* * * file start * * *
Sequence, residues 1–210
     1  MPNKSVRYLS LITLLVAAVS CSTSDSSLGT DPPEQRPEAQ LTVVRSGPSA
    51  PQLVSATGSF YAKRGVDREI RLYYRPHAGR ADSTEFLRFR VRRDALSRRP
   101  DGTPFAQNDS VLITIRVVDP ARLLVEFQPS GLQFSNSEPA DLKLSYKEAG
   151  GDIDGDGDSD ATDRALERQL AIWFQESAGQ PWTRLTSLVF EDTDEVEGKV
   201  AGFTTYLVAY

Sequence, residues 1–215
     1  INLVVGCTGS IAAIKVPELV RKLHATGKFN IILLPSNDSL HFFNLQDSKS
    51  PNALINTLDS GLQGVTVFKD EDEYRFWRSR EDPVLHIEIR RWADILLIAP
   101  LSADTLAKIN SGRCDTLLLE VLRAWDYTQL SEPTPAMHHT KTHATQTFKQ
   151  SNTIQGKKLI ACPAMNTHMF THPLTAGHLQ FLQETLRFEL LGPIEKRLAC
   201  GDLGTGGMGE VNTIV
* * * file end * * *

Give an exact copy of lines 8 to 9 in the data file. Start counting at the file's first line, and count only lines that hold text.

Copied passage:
     1  INLVVGCTGS IAAIKVPELV RKLHATGKFN IILLPSNDSL HFFNLQDSKS
    51  PNALINTLDS GLQGVTVFKD EDEYRFWRSR EDPVLHIEIR RWADILLIAP